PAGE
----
|Dates||1881 - 1955|
Fernand Léger captured the pulse and dynamism of everyday life: from the bustling city teeming with advertising and signage to mechanical marvels powered by heroic workers. To convey this modern energy, Léger developed a forceful visual language of shape, color, and line. In an effort to reconcile art making and social responsibility, he applied his unique visual language to a range of media--from painting to sculpture to film--in search of a broad audience.
Raised in northern France, Léger began painting seriously after moving to Paris in 1903. He explored a variety of styles before settling on a Cubist-influenced approach marked by simple, geometric forms. Léger believed that the accelerated pace of contemporary life required an art of strong contrasts. He emphasized fragmented planes and jarring juxtapositions in shape and color.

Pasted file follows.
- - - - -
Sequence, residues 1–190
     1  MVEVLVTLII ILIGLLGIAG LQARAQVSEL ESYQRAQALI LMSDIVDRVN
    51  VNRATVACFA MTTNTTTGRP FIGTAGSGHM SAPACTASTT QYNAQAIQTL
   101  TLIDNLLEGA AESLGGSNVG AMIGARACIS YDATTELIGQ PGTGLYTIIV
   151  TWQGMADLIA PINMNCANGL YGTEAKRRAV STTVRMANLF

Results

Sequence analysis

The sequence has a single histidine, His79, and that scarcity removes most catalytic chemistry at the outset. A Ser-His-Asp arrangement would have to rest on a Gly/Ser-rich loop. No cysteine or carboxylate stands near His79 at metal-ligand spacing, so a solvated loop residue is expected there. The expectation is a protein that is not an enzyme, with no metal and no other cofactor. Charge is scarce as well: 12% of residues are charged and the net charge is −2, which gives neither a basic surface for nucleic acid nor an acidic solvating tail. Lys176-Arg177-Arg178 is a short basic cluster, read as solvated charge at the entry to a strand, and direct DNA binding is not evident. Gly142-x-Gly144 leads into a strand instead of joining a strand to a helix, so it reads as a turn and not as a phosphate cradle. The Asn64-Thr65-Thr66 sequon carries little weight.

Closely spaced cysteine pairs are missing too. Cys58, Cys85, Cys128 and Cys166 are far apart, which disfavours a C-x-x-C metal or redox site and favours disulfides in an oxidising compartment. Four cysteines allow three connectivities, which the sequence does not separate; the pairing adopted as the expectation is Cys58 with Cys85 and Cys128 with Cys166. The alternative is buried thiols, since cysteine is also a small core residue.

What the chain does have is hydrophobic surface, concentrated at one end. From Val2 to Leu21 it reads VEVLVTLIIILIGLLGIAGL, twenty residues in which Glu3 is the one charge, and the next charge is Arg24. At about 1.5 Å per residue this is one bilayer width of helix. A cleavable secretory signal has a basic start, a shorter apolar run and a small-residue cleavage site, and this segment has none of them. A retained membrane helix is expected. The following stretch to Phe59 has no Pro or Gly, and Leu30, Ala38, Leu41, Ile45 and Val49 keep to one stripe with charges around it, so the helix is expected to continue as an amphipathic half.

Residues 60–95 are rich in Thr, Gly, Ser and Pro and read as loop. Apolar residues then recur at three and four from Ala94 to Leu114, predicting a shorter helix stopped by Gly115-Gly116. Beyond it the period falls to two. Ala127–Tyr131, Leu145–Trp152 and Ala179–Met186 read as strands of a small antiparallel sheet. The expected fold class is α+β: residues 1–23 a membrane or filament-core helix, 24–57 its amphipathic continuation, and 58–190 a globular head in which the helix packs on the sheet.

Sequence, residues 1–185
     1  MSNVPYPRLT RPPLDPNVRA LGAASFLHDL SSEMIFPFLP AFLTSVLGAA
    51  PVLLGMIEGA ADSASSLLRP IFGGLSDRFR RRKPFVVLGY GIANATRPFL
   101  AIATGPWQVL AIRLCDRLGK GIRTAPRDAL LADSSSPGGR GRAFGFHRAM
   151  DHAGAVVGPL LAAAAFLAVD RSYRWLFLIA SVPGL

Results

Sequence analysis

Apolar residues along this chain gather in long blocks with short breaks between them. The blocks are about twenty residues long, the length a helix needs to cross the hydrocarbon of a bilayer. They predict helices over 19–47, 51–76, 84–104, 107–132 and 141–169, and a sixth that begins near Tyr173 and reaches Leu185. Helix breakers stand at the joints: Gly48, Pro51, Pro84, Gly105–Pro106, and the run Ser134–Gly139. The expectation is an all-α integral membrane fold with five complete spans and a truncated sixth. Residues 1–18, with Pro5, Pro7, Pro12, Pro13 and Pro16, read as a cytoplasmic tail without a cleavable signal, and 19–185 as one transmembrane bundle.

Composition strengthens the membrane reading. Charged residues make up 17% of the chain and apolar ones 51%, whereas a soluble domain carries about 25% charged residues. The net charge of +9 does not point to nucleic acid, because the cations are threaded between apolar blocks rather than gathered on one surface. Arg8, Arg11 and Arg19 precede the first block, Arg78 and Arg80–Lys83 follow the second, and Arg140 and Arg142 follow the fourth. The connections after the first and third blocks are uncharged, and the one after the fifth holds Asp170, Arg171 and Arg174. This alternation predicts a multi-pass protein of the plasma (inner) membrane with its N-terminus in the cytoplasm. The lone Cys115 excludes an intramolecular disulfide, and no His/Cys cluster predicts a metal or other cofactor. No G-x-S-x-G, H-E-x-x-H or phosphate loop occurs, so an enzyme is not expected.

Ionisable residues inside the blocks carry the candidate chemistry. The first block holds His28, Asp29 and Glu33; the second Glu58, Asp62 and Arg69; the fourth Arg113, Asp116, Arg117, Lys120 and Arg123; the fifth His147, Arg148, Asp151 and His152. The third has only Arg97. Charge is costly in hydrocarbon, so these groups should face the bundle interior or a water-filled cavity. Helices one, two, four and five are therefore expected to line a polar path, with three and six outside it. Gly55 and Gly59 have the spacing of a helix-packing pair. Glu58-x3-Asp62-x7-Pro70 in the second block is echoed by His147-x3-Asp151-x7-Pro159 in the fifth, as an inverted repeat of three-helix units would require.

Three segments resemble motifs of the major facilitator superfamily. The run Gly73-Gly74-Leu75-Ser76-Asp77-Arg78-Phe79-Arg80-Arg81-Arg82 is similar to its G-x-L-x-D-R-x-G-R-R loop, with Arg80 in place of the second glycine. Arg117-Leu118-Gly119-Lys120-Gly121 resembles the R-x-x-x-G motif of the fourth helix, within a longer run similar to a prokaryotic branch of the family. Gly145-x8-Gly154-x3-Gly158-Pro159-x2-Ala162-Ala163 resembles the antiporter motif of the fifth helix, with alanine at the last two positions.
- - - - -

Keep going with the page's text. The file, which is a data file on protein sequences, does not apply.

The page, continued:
The outbreak of World War I interrupted Léger's progress, but his service in the French army transformed Léger. His admiration for his fellow soldiers convinced him to make art that could reach a broad audience. After the war, he began using a brighter palette to represent mechanical forms inspired in part by the cannons, airplanes, and machines of war he had experience on the battlefield. He started working in a variety of mediums: creating prints and book illustrations, stage sets and murals, and a number of celebrated films. He would continue this exploration throughout his career; in the 1940s and 1950s, he created work in stained glass, tapestry, and ceramic. During World War II, Léger lived in America. On returning to France, he joined the Communist Party. In a continued effort to reach the public, his work became more ordered and focused on the human form. An accomplished writer and theorist, Léger argued that art needed to learn from the techniques of mass media, such as film and advertising, to communicate with the public. Léger sought to achieve this goal by installing his sculptures in visible, public sites.